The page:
Hundreds of Pattaya hospitality and entertainment owners and employees marched on Walking Street Friday to demand that alcohol sales be allowed in restaurants. It was the finale of a months-long campaign to restore the profit center of many pubs but one that, it turns out, wasn’t needed.
Chonburi’s governor a few hours later released an order permitting booze sales. It came shortly after a similar order was published in Hua Hin and hours before the same thing happened in Chiang Mai.
Prime Minister Prayut Chan-o-cha had said on television in October that alcohol in restaurants would not be even considered until December. From that perspective, business leaders had only waited three days.
But the Center for Covid-19 Situation Administration undermined the prime minister’s message by allowing booze sales to return in Bangkok and three other “tourism pilot zones” Nov. 1. The idea of a uniform December end to prohibition was eroded further as provinces around Bangkok, Cha-am and other municipalities got the OK to turn the beer taps back on.
Thanet Supornsahatrangsi, chairman of the Chonburi Tourism Industry Council, felt Chonburi – specifically Banglamung and Sattahip districts – had been unfairly treated as, just like Bangkok, those two districts were designated “blue” tourism-pilot zones. Such zones were allowed to sell alcohol, which Bangkok, Phuket, Krabi and Phangnga had been doing since Nov. 1.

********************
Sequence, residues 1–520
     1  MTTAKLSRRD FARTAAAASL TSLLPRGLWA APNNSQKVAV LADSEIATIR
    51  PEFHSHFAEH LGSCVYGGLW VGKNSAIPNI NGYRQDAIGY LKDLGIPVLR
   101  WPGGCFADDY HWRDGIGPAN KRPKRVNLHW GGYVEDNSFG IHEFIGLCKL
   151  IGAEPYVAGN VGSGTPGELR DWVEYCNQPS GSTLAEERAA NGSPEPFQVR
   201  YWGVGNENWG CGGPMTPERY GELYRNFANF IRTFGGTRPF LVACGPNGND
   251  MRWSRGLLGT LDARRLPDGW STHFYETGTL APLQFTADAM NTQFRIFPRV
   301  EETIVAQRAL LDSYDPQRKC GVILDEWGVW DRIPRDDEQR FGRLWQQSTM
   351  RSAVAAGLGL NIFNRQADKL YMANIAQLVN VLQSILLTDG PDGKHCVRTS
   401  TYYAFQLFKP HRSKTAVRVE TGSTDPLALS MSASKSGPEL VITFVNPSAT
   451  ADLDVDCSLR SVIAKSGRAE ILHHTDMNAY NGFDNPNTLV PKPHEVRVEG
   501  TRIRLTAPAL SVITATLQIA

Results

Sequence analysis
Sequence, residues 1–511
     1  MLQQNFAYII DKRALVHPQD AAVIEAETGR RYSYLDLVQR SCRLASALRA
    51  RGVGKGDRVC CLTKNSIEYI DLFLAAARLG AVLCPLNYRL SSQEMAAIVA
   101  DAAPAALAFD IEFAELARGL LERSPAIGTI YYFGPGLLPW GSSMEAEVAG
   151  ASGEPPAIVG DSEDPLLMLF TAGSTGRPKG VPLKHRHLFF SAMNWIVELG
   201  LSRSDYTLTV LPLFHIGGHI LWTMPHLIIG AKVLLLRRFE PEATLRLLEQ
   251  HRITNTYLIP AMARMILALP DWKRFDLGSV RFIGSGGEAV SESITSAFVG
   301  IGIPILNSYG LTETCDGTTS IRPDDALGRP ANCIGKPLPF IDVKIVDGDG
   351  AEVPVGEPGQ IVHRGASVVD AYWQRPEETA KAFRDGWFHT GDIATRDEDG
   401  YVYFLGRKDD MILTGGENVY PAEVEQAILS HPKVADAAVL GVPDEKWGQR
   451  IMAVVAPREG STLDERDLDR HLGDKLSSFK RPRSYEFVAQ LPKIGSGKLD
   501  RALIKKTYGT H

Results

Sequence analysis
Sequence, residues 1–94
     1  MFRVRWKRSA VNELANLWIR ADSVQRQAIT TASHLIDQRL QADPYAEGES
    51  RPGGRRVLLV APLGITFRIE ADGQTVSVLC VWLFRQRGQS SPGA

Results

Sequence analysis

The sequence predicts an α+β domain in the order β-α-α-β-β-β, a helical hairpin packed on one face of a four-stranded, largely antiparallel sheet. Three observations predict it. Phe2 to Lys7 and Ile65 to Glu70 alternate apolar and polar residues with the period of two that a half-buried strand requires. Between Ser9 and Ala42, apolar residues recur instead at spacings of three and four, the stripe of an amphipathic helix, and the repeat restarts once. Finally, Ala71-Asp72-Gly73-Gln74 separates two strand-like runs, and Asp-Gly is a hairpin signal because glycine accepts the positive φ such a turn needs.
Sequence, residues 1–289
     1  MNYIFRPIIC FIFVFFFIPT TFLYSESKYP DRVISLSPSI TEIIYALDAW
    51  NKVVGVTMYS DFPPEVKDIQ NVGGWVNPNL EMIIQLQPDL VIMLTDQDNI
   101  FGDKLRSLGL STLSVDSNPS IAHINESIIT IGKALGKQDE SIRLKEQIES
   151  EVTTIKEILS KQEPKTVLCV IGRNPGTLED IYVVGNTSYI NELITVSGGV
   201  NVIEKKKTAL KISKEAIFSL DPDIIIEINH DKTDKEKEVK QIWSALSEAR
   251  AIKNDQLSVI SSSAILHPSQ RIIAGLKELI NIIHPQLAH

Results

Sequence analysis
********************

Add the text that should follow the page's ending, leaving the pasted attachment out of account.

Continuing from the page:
Pattaya reopened to foreign tourism at the same time as Bangkok, but was put at a disadvantage by its restaurants being “dry”, Thanet said.
Business leaders claimed the decision to allow alcohol sales always laid with Chonburi Gov Pakarathorn Thienchai. After all, it was Bangkok and Phetchaburi’s governors that approved alcohol sales in those regions. But Phakhathorn always passed off blame on the Center for Covid-19 Situation Administration. In the end, it was Pakarathorn, not the CCSA that issued the order.